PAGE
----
Check out a free preview of the full Ember Octane Fundamentals course

The "Introduction" Lesson is part of the full, Ember Octane Fundamentals course featured in this preview video. Here's what you'd learn in this lesson:

Mike North introduces the course on Ember Octane, which was created for apps with high levels of data and interactivity, and will be used throughout the course to build an interactive chat application.


Transcript from the "Introduction" Lesson

>> Mike North: My name is Mike and this is my 11th course with Frontend Masters, which is pretty amazing. And I'm super excited to share Ember Octane with you today. I work at LinkedIn as a staff engineer and I worked very closely with the Ember core team there where we've been building all this stuff.

So I've been seeing it for the past year and a half, or two years, slowly and painstakingly coming together. And it is so cool to be able to not only unveil it, but to be able to start building apps with it and start reaping the benefits and seeing that things are simpler and easier and way more fun.

So, if you are new to Ember, it's an open source framework for single page apps. So it sort of is in the same space as react or view or angular. Ember puts a high level of importance on developer productivity. So we're interested in empowering developers to focus most of their energy on building product.

Building features, fixing bugs, solving interesting problems. And not so much in deciding between three or four equivalent options, or almost equivalent options to get something done. That is a means to an end. So Ember has ambitious apps in mind. And this means apps that have a lot of data going through them.

A lot of interactivity that they have to handle. And this is part of why LinkedIn is invested in the Ember community, and the Ember framework. is probably the biggest single page app in the world. It is an Ember app with many sub parts but about 250 people working on it committing code everyday.

So it is certainly an ambitious app and we hope that the stuff that we do in the open source community, helps lift everyone else up as well. Ember is opinionated, which is a good thing. That means that we can more effectively than any ecosystem I've seen, leverage common solutions, to choose a common path and make it good.

And everyone walks down that path so we don't have to worry about maintaining three or four different things. And we even know that in the future, once there is a solution for some problem, we're all gonna be able to take advantage of it. Ember puts a high amount of value on stability without stagnation.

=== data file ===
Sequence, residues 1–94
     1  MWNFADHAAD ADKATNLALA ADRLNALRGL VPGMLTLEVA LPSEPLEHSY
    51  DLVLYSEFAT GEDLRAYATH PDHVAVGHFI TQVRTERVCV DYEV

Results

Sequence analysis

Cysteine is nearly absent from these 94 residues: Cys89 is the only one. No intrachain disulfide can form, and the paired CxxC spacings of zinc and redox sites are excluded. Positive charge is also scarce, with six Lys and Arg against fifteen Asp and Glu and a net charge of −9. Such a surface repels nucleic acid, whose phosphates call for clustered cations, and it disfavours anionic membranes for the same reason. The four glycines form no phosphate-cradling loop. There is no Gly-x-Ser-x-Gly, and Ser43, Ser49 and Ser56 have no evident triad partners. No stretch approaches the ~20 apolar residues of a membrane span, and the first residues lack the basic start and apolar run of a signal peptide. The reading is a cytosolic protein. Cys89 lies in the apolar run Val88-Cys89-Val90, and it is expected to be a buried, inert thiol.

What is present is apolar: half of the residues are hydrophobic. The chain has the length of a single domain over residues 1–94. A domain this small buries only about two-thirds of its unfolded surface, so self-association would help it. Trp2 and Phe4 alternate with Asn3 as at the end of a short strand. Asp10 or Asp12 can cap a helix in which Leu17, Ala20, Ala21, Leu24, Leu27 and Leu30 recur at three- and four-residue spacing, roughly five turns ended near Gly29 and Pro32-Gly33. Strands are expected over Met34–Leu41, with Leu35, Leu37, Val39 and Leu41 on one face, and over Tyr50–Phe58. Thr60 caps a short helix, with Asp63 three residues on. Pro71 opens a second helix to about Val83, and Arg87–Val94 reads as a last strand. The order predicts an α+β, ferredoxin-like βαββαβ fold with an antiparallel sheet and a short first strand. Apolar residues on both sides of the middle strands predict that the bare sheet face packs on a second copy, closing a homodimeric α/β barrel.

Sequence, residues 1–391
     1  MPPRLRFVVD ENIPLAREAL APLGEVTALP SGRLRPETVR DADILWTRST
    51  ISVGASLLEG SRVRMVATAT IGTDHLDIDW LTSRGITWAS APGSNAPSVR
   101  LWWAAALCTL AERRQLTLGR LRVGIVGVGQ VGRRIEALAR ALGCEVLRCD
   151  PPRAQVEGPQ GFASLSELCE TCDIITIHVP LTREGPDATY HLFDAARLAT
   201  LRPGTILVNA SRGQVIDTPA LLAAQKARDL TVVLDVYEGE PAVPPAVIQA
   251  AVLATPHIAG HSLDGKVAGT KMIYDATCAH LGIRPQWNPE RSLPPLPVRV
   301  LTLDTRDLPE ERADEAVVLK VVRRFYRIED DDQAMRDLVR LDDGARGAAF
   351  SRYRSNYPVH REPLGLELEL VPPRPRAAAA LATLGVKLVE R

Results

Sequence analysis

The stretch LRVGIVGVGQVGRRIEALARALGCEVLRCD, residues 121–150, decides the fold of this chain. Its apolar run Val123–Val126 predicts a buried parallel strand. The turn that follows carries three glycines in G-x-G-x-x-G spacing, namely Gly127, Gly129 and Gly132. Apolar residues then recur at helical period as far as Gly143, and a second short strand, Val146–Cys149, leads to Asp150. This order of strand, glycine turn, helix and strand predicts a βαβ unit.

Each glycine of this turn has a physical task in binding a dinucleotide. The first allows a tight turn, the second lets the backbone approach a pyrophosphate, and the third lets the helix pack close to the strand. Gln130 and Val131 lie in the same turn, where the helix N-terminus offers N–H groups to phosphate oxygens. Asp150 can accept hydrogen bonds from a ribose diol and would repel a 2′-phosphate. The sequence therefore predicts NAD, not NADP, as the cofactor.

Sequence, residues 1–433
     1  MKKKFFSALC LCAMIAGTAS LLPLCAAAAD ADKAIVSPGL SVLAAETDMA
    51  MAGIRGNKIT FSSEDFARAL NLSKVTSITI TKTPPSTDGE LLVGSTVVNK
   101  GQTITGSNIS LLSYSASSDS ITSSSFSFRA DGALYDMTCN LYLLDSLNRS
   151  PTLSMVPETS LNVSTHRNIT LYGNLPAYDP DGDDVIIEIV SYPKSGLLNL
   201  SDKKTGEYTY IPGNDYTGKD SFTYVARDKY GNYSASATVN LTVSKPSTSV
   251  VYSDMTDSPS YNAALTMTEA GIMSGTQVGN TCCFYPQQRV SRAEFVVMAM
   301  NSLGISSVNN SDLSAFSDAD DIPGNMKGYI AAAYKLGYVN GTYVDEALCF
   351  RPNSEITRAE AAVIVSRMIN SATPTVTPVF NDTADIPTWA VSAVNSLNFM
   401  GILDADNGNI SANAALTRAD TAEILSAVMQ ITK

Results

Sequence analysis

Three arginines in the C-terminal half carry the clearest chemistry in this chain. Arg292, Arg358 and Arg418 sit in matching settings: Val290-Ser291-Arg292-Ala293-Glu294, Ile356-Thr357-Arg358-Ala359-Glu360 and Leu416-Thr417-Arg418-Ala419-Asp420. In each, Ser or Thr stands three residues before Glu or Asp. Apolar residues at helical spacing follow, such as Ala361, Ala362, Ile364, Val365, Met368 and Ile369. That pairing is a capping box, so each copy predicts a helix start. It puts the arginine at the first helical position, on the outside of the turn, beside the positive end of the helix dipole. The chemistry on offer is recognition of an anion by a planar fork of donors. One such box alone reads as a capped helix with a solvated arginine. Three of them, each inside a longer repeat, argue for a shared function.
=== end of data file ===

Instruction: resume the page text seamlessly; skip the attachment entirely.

And that means that we don't leave teams behind, we try to make sure that the upgrade path is as easy as possible. And I am very proud of the fact that we've managed to take our community and bring them from the IE eight ages up to the present while having a reasonable migration path.

It's not perfect. It never can be. But there are no points in time where we just said it's time to rewrite from scratch. So in this workshop, we're gonna talk a lot about the important things one needs to know in order to build a modern ember app. And we're going to do so by building an app together so if you've taken classes for me before sometimes I do a bunch of like slides and we talk about things and then we do some exercises, we're gonna do it differently today and we're just gonna collaboratively build an app together.

I want this to be a miniaturized version of a real world development experience. So we're gonna make sure that each step along the way, we make sure our tests pass and we kind of evolve this starting from regular HTML and CSS all the way to a an interactive full featured app.

But we wanna do so in a sustainable way. Feel free to ask questions. All of the stuff I'm showing you here is very, very new so almost nobody is an expert on all this. I may not even be able to answer some of your questions, but I will try my best.

And I think we're gonna have a lot of fun. I really, really enjoy working with Ember Octane. So, here is the app that we're going to build today. You may recognise this as Slack, the popular team chat app, where we have on the left side, you can select different teams.

Then for a team, you have a list of channels and each channel has some messages. So we're gonna deal with all of the problems around this like routing so that your URL takes you to the right place creating chat messages, deleting them, etc. And this app is going to be fast.

So simulating a mid-range phone on a 3G network. Our first meaningful paint is at 0.7 seconds, 2 seconds is a pretty reasonable and respectable score for a full fledged system so you can imagine that we have over a second of headroom for an API that might be a little bit slow or do you have some database queries that take a little while.

And this is on a mid-range phone. If we look at desktop performance, we're in the 0.1 and 0.2 second range. And the only number smaller than those is 0. So this is blazing fast and we're gonna use the combination of some really fast client side code, server rendering and some progressive web technologies to get here, but this is from a human perceived performance standpoint, this feels instant.

This is approximately the amount of time it takes to, when you flip a light switch, the lights come on, we think that's instant, that's the way our brains work.

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